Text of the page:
How Many Listeners Could One Voice Reach?

Published On: April 15, 2022Tags: , , , , ,

How Many People Could Jesus Talk To At Once Using His Natural Voice?

Read along as ASC founder, president and TubeTrap inventor, Art Noxon, PE shares this acoustic perspective with us this week!

Back in 2009 I received a philosophical question, something not too different from “How many angels can dance on the head of a pin?” It’s about how many people could hear the voice of Jesus at one time. Below I show the actual question followed by Section 1 of my answer. Here I idealized the physical listening conditions so that I could establish the maximum possible number of listeners. In later sections, which I will soon publish, I work towards more practical answers.

“I was discussing the following question with some colleagues and was wondering if you can help (I saw some of your online articles which led me to believe that you are an expert in the matter):
Given the most optimal acoustic conditions and the loudest human voice, how many people can hear the voice of a person with no microphones or speakers? Would this depend if the setup was inside or outside?

Can you give a rough estimate of how many people could hear inside and how many can hear outside?

I am assuming the best conditions, i.e. the perfectly designed auditorium or concert hall, on a mountain or in a valley,… If outside, how much can the weather conditions effect matters – (i.e. humidity, rain,…) ? ”

Professor Elie Feder
Dept. of Mathematics
Kingsborough Community College – CUNY

The question has been asked, “How many people could Jesus address at once?” Utilizing acoustic engineering principles and excluding the possibility of a miracle, we can determine the maximum number of people who could physically hear Jesus by the following “ideal listening tube” analysis.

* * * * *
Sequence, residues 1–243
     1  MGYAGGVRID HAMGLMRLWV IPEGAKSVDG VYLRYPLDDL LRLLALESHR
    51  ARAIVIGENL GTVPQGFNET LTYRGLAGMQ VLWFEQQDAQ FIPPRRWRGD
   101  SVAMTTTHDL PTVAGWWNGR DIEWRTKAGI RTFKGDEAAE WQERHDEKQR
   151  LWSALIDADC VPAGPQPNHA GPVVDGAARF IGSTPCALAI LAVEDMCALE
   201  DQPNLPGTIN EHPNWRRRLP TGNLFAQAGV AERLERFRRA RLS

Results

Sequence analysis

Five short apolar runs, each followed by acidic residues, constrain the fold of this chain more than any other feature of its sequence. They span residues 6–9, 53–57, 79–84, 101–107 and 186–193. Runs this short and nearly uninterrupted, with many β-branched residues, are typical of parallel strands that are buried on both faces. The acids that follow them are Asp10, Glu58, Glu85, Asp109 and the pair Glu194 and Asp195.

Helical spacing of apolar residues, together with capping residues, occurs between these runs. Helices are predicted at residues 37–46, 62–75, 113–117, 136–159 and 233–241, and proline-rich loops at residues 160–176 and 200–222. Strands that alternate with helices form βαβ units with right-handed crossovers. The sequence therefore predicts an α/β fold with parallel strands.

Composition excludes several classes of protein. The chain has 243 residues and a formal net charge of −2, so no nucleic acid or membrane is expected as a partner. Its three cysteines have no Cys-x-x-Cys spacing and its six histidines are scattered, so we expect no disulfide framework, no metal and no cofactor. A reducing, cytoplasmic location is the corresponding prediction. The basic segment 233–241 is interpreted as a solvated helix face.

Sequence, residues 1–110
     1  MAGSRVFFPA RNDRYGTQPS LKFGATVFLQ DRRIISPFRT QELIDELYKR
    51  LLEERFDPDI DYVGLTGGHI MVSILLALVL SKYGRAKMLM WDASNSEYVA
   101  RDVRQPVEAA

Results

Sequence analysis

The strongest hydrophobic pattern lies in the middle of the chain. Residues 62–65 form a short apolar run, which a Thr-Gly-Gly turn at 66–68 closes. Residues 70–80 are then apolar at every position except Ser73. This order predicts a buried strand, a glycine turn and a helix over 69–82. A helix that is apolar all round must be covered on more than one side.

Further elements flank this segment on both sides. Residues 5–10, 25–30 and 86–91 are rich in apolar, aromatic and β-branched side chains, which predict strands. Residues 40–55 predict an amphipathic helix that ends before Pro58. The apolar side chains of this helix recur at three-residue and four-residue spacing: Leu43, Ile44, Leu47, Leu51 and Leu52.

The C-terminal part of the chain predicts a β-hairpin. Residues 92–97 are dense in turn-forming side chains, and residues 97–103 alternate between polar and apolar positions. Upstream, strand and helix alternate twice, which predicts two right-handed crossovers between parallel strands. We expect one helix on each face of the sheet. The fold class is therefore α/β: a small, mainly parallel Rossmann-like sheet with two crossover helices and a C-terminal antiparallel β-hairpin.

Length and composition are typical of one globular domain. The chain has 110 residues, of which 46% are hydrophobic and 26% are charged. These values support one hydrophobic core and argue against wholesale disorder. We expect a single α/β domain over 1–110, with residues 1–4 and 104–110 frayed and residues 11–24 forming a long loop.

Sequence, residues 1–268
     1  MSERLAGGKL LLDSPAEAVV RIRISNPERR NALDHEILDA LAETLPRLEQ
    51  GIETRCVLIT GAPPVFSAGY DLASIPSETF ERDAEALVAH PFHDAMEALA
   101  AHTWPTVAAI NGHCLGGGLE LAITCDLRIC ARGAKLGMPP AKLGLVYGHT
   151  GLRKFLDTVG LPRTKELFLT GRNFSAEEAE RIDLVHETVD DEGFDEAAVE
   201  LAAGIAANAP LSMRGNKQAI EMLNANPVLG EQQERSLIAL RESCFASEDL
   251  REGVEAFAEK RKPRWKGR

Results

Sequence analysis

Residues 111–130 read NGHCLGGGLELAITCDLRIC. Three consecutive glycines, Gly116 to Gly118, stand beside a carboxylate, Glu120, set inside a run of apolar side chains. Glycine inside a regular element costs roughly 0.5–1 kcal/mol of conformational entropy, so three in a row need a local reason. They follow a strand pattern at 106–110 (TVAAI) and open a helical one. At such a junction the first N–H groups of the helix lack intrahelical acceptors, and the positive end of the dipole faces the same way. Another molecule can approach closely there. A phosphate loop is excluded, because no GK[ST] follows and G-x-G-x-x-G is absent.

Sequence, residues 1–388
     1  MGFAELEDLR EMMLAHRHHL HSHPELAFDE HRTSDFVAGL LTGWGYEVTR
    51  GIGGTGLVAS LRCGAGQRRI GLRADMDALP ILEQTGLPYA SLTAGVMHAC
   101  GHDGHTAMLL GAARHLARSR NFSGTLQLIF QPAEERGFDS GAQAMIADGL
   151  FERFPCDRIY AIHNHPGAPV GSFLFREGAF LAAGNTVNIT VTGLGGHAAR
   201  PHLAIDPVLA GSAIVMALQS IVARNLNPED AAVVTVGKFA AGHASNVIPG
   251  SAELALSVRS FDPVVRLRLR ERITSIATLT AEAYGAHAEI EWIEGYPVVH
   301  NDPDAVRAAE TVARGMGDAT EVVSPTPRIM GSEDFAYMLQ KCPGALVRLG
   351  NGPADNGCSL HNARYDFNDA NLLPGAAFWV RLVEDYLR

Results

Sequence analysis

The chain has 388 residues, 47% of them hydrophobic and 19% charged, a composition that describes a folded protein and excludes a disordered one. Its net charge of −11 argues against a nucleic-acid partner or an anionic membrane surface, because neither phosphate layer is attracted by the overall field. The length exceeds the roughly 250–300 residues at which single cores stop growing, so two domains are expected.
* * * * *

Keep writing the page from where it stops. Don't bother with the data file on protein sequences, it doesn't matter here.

If a raised voice, intending to communicate to many, produces a sound level of 85 dB,A at 1.5’ and if everyone listening was to receive a portion of that sound, at a level of 45 dB,A in each ear, what is the maximum number of people who could receive their portion of that physical, unamplified sound?

How Far Can A Voice Be Heard? man speaking to crowd outdoors

If we let his sound wave expand to a sound level of 45 dB,A and then assign each ¼ square inch of that wavefront to each ear of each listener, we can determine how many possible listeners there could be. Physically we can imagine that Jesus is speaking and at some distance away is a large grid in a spherical shape. A pair of listening tubes is plugged into each opening of the grid, as close to each other as possible. Each pair of ideal lossless listening tubes extends out to each listening person.

The distance from Jesus to where the sound level drops to 45 dB,A is the radius of that sphere calculated by r = 1.5’ x 10^((85-45)/20) = 150’. The area of a sphere is: A = 4 x pi x r^2 and for this sphere it becomes: A = 4 x pi x 150^2 = 282,600 sqft.

If one ear gets a sound duct that is ¼ inch square, there are 4 x 4 = 16 of such ¼” square sound ducts per square inch or 8 pairs of listening ducts per square inch. Since there are 144 in one sq.ft we have 144 x 8 = 1152 people plugged in and listening per sq.ft of the listening sphere grid. We have 282,600 sq.ft at a sound level of 45 dB,A occupied by sound ducts for 1152 people per sq.ft. This arrangement has the potential to deliver audible sound to 325 million people.

Population and era growth over time, 10000 bc to present. How Far Can A Voice Be Heard?

According to the world population growth scale we see the world population leveling off at about 170 million people between 500 BC and 500 AD which is when Jesus would have been speaking to the people. This means the voice of Jesus had enough sound power that it could have been directly piped to twice the number of people alive at that time in history.

If Jesus wanted to physically speak today with the world population at 7 billion, he could physically address one out of every 20 people alive today through listening tubes.

Read more acoustic knowledge from Art Noxon

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